Let us begin with Volvo’s SARTRE project, which involves the development of a so called “Road Train.” What exactly is a road train? It is a group of vehicles connected through wireless technologies, which are then able to follow one another autonomously, while the driver of the vehicle is able to deal with e-mails, phone calls or grab a bite to eat. These road trains are commonly led by a professional Volvo truck driver, and allow the drivers to retain control if they wish to leave the road train, which can result in an array of benefits. Most importantly, fuel efficiency would improve, as the cars all drive at the same speed, eliminating the need for acceleration. The wind resistance is also reduced as the vehicles are able to drive incredibly close to one another, at a distance of approximately 1 meter, without the need to worry about a potential collision. Obviously, the freedom to take the hands off the wheel, which allows drivers to relax and catch their breath, is the icing on the cake.
The benefits for logistics companies is even more immense, as they are capable of having multiple trucks autonomously follow the lead driver, allowing them to save on labour costs as well as deliver higher quantities of freight in a shorter and more fuel-efficient manner. The project looks promising, as it has endured six years of development, over 10,000 km of testing and live demonstrations on highways in Spain.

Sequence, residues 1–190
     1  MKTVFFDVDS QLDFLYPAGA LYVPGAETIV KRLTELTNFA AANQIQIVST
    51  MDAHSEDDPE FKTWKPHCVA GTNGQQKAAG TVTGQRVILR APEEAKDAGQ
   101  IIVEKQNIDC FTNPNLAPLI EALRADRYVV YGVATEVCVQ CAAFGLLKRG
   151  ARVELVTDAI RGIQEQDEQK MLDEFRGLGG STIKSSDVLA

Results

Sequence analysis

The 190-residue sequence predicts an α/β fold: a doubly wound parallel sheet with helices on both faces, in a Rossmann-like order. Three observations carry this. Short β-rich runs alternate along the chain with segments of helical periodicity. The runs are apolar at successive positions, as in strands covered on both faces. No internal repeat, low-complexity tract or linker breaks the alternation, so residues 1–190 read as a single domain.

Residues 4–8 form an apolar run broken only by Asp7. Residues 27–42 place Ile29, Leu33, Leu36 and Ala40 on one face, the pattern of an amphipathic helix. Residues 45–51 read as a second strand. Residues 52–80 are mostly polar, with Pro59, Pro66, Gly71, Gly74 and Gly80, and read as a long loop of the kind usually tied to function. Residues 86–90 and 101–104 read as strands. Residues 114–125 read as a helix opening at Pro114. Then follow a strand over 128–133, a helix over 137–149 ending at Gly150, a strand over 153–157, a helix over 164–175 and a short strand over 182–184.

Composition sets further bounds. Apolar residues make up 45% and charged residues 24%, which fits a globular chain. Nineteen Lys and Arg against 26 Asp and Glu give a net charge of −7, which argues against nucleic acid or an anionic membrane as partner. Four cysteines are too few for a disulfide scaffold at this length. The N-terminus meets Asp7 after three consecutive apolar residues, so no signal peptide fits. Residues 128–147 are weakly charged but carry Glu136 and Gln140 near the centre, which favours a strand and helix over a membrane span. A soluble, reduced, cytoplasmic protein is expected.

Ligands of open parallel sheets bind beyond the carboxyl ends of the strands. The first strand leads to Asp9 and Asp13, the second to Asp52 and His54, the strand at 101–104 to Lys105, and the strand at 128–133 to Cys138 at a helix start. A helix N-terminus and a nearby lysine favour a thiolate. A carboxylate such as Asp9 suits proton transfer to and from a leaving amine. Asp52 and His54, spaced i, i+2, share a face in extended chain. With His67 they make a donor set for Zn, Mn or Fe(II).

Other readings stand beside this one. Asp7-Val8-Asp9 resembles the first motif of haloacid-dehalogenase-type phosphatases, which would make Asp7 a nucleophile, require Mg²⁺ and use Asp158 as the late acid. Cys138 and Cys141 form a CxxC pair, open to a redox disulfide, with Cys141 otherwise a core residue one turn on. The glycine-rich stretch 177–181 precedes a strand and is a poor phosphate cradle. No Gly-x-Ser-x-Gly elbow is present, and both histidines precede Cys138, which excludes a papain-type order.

Another key development in the trucking industry still largely neglected is the “super-wide” tires. Despite existing roughly a decade, these tires have an estimated market share of 5-10% depending on the region. So what are super-wide tires? A typical truck consists of 16 wheels, and the super-wide tires are intended to cut this number to 8 wheels instead. The use of these tires not only trims the number of replacements or repairs, as they are capable of enduring longer trips through harsher terrains, but also benefit the efficiency and emissions of the vehicle. The use of super-wide tires can reduce the rolling resistance by roughly 4% which is highly correlated with a reduction in overall energy used per journey. However, the most important factor may be that the truck drivers themselves seem to prefer the wide-tires for the way they feel while driving. A happy driver, especially one that must travel great distances, can only be good news for OEMs.
Similar to the connected cars industry, the connected truck is also being developed at a rapid pace. Technologies that ensure driver safety such as cameras for reversing or parking, as well as traffic detection already exist in numerous truck models today. Highway cruise control is also in the midst of the testing phase; Daimler trucks have been conducting trial-runs on the Autobahn for half a year now, under differing weather and traffic conditions using the “Daimler Highway Pilot” system. Not only is it capable of recognizing certain patterns, but also able to change gears more efficiently than the driver (5% less emissions). The driver of course is able to retain control at any point, particularly in cases of emergencies, but if there are none, they are able to relax during the highway portions of the journey, which comprise the majority of the trip.
Finally, what about the possibility of utilizing longer or larger trucks? The EU has strict regulations on truck size at roughly 12.1 meters, while their freight counterparts (train and cargo ships) are allowed containers of 13-15 meters. Increasing the length and size of the trucks would not only decrease wind resistance, but also allow them to carry higher quantities of freight, thus decreasing the number of journeys and fuel. While this may not align with the trend that trucks are traveling shorter distances, this increase in cargo size could greatly benefit the cross-country journeys.